These animations prominently feature the brand's mascot, Duo the Owl. They convey the benefits of learning a language in a fun and engaging way.

Duolingo's motion graphics depict Duo in various scenarios, from celebrating learning milestones to gently reminding users to maintain their learning streaks. These animations are crafted with bright colors, playful movements, and humorous contexts, aligning with the app's approachable narrative.


Motion design can shine in video advertising—creating dynamic, motion-based content that captures viewers' attention and communicates marketing messages much more effectively than static images or text alone.

Advertising motion designers create promotional graphics that can appear on digital billboards, fast-food restaurant menu boards, Google Ads, TV, and mobile devices. We tend to interact with different versions of promotional motion graphics.

Often, these ads are also programmed to follow your journey between screens, which explains why you tend to see the same ads repeatedly

Case study: Spotify’s motion design in advertising

Spotify, a leading music streaming service with a diverse target audience spanning different ages, tastes, and regions, faces the challenge of creating universally appealing yet personalized advertising content.

Spotify leveraged motion design in its digital advertising campaigns across platforms like Google Ads and Instagram to capture attention and convey its brand message. Spotify's ads told stories that resonated with potential users, illustrating moments of frustration with ads on other platforms and the joy of uninterrupted listening with Premium.

Point of sale and self-service systems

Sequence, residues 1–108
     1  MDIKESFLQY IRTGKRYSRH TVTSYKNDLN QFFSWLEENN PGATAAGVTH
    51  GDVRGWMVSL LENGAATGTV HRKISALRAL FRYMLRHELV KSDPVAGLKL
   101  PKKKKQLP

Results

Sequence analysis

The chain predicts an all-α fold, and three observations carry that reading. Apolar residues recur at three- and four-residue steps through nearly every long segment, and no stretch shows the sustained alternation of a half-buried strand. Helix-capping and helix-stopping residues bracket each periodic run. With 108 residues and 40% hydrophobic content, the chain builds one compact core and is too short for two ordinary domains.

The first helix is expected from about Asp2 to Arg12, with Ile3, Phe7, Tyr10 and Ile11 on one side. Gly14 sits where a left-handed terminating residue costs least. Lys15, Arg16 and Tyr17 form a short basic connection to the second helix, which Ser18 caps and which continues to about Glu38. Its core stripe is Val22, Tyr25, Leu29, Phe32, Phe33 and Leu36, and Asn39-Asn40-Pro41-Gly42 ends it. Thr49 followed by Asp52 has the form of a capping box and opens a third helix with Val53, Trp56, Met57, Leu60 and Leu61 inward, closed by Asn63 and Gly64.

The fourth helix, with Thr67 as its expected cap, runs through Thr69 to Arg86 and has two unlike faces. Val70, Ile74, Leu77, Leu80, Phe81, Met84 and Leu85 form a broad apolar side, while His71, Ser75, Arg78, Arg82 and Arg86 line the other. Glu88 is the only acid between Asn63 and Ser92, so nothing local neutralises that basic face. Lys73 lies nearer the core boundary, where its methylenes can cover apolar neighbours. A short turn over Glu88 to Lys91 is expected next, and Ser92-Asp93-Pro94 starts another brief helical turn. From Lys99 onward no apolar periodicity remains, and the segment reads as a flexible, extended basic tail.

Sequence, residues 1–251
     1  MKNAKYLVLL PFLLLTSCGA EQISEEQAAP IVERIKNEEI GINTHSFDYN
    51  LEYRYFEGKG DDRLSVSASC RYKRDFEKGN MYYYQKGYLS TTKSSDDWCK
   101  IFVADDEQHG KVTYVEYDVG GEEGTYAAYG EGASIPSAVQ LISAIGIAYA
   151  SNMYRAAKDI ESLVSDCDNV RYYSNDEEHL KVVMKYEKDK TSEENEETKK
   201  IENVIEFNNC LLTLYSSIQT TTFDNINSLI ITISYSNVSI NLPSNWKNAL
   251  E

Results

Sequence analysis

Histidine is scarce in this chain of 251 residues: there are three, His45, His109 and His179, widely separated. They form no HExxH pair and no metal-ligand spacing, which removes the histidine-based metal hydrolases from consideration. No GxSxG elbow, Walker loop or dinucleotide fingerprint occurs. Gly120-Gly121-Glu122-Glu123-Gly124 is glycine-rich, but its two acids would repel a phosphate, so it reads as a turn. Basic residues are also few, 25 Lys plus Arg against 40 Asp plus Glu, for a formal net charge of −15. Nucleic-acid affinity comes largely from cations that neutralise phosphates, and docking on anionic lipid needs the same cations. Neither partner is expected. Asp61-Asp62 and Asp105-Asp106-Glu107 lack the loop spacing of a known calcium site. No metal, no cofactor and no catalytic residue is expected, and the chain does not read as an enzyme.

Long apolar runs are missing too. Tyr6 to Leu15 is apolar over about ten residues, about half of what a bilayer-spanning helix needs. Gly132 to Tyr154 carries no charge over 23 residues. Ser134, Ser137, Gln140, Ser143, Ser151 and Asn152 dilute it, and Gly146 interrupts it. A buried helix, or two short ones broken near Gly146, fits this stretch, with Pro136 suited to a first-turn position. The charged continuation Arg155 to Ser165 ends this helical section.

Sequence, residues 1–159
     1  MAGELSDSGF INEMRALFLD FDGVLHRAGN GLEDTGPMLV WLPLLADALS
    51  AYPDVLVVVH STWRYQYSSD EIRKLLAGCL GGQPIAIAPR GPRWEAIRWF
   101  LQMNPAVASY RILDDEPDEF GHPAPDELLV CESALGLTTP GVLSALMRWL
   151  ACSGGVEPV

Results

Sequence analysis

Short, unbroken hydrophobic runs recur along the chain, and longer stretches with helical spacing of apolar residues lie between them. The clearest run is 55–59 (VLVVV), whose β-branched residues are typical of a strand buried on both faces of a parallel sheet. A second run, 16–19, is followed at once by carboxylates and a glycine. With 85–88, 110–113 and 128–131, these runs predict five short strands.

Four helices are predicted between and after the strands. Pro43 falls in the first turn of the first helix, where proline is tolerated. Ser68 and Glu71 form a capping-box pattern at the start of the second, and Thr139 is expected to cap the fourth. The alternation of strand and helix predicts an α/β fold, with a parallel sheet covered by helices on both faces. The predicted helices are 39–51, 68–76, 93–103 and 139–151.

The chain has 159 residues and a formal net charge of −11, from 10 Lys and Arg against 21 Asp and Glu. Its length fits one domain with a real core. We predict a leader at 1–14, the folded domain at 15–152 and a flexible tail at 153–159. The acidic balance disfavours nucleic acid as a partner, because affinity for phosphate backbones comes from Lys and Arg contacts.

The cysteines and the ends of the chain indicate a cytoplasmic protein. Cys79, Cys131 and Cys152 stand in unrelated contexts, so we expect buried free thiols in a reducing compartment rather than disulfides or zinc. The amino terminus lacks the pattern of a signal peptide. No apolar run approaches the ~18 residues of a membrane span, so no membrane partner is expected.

With more jobs being replaced by digitized systems in various industries, interactive motion graphics have become even more important for user experience in the physical world.

Malls, cinemas, banks, airports, restaurants, and drug stores are all starting to use automated ticketing systems and information desks. Some of the biggest tech companies in the world are producing POS (point-of-sale) systems and self-service kiosks, such as Oracle and Ingenico.

Point-of-sale self-service kiosks
Image source: Online Ordering for Restaurants

Case study: Oracle’s integration of motion design in POS systems

Oracle, a database management and cloud services leader, has expanded its technology features to include advanced POS systems and self-service kiosks. 

These systems are designed for various industries, including retail, hospitality, airports, and more, aiming to streamline operations and improve customer service.

Oracle implemented motion design in its POS system and self-service kiosk interfaces to create a more beneficial, engaging user experience. The strategy used interactive motion graphics to seamlessly guide users through transactions and information queries.


Besides using popular design programs to produce motion graphics in video formats, designers can also use their programming skills to create animated elements online.

Using CSS and Javascript code for motion design is constantly developing. Previously, many animated elements on websites were embedded videos, but now you can achieve complex and interactive motion graphics using code alone.

Case study: Airbnb’s website animation

Airbnb, a popular platform for booking accommodations and experiences, aims to provide its users with a simple and engaging online experience